The Case for Cyber Insurance
By Kevin Townsend on December 10, 2019
Cyber Has Emerged as a Risk That is Not Specifically Covered by Other Insurance Policies
Insurance is a fundamental aspect of business risk management used to spread or mitigate financial risk by transferring it to a third party. Since business is now urged to take a risk management approach to cyber security, it is natural and inevitable that cyber insurance should be considered as part of the mix. Cyber insurance is set to grow, in size as an industry, and in importance as a service.
But there are issues — not least because there is comparatively little actuarial history on which the industry can base its premiums. While there is a century of auto insurance and many centuries of shipping insurance, there is little more than two decades of cyber insurance history. As a result, both insurers and insureds are still unsure about what it is, what it should or can cover, and how much it should cost.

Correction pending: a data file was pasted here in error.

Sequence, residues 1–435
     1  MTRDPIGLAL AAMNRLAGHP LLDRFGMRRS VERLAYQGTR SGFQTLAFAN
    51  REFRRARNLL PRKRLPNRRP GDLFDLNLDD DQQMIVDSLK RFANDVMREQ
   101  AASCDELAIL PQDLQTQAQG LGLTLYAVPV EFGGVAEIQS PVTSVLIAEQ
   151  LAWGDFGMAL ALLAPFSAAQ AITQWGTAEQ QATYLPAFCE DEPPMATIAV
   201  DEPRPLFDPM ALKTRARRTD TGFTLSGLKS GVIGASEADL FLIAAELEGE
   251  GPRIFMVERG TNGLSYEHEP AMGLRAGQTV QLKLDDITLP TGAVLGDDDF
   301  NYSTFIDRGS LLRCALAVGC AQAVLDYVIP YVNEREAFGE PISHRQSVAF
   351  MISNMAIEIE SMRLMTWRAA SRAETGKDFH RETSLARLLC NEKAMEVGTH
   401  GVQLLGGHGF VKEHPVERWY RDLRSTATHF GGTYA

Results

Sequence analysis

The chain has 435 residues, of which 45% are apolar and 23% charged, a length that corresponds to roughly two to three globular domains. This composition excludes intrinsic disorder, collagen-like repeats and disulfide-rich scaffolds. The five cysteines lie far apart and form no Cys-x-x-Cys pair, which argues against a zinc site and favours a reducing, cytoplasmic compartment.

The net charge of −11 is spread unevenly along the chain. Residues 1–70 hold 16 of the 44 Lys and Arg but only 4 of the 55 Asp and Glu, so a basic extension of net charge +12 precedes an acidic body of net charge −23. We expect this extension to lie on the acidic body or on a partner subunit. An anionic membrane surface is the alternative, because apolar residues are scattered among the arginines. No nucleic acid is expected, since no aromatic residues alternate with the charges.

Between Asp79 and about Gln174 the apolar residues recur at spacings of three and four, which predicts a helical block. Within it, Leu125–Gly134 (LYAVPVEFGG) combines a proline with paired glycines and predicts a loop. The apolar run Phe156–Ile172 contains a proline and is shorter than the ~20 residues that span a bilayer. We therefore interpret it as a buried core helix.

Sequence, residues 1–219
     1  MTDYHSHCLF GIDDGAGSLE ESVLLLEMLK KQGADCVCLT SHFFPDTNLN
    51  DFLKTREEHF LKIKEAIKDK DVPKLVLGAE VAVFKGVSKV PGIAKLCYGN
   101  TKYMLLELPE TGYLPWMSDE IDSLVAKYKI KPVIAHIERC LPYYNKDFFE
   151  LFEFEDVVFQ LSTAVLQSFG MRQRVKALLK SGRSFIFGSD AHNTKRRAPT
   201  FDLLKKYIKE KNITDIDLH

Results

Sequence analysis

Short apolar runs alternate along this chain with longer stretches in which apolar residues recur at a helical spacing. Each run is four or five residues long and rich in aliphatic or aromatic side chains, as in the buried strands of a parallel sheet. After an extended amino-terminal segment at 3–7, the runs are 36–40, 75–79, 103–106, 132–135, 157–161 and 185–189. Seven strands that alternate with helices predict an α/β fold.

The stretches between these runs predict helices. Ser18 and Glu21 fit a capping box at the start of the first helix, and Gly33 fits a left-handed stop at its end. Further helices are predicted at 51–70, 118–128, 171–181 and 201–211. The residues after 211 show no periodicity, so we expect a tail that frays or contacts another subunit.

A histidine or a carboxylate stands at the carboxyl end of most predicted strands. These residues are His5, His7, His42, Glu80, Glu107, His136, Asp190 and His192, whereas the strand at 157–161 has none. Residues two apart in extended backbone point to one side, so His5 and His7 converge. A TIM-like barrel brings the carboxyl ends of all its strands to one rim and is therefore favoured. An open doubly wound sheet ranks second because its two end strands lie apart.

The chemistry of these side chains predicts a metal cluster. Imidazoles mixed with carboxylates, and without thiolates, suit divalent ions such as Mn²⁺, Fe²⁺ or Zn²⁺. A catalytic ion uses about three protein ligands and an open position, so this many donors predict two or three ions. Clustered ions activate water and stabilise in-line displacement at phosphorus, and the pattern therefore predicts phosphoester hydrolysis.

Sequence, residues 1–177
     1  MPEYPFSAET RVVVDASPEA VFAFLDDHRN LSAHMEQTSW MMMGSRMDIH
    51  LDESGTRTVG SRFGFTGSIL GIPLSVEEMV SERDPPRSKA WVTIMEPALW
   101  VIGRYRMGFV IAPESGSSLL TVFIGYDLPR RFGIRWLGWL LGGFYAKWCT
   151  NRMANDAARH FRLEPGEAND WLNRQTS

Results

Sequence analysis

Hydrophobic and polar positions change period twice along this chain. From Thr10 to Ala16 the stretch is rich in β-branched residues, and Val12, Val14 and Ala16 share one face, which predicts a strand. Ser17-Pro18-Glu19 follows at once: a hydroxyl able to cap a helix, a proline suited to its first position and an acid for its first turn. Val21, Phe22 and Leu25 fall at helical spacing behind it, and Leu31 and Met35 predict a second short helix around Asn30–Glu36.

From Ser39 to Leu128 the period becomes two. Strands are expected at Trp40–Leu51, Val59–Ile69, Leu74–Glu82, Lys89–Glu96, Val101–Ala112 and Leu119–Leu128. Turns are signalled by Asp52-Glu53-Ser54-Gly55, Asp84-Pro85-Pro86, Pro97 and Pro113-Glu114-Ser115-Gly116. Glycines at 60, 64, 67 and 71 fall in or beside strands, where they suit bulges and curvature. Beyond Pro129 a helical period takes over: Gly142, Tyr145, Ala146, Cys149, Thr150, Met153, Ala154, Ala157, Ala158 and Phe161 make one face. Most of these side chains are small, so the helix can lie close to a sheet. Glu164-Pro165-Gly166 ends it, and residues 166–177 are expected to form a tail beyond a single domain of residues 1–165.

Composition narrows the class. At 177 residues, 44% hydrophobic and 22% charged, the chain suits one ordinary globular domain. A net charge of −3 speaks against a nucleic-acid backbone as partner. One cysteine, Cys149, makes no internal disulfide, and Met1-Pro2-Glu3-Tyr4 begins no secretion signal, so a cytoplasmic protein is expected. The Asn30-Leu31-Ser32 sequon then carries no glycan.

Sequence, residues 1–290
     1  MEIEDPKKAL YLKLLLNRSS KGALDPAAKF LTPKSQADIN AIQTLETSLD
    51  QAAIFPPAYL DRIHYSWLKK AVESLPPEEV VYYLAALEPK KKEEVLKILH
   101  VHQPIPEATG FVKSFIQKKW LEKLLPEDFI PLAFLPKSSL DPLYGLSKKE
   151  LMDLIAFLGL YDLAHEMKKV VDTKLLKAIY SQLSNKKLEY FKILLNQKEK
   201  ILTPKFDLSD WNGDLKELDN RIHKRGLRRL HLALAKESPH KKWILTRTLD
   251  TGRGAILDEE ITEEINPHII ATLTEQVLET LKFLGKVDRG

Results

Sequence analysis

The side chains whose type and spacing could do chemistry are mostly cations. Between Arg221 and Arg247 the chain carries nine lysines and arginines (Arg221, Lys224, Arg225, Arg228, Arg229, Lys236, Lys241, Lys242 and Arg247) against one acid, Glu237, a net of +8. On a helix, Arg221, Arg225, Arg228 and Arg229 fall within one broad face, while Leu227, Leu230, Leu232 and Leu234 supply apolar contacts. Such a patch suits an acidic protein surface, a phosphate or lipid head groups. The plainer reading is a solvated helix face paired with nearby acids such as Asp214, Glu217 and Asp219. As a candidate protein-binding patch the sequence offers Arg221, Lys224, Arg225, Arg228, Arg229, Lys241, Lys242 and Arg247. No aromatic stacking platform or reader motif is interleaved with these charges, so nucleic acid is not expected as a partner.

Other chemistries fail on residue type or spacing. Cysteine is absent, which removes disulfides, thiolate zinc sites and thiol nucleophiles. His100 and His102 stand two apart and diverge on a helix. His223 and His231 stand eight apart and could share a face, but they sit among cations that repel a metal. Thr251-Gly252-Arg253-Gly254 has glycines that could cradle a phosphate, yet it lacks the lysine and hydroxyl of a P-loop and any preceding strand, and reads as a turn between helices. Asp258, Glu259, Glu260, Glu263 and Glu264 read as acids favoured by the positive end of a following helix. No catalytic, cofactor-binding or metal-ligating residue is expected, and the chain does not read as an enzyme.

To the insurers, cyber insurance is primarily a gap filler. Cyber has emerged as a new risk that is not specifically covered by other policies, and cyber insurance is designed to fill that gap. But immediately there’s a problem, because aspects of existing policies may cover aspects of cyber risk. The principle of ‘silent cyber’ can apply — that is, if cyber is not specifically excluded from the policy, it is de facto included. Is separate cyber insurance even necessary?